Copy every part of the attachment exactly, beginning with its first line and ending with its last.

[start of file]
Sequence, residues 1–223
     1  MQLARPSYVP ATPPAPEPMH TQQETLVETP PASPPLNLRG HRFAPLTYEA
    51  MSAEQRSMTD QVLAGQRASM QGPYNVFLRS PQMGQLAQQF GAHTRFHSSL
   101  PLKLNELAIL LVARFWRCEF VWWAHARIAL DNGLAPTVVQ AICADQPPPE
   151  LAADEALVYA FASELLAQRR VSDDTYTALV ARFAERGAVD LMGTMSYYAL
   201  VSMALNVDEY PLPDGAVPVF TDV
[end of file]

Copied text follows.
Sequence, residues 1–223
     1  MQLARPSYVP ATPPAPEPMH TQQETLVETP PASPPLNLRG HRFAPLTYEA
    51  MSAEQRSMTD QVLAGQRASM QGPYNVFLRS PQMGQLAQQF GAHTRFHSSL
   101  PLKLNELAIL LVARFWRCEF VWWAHARIAL DNGLAPTVVQ AICADQPPPE
   151  LAADEALVYA FASELLAQRR VSDDTYTALV ARFAERGAVD LMGTMSYYAL
   201  VSMALNVDEY PLPDGAVPVF TDV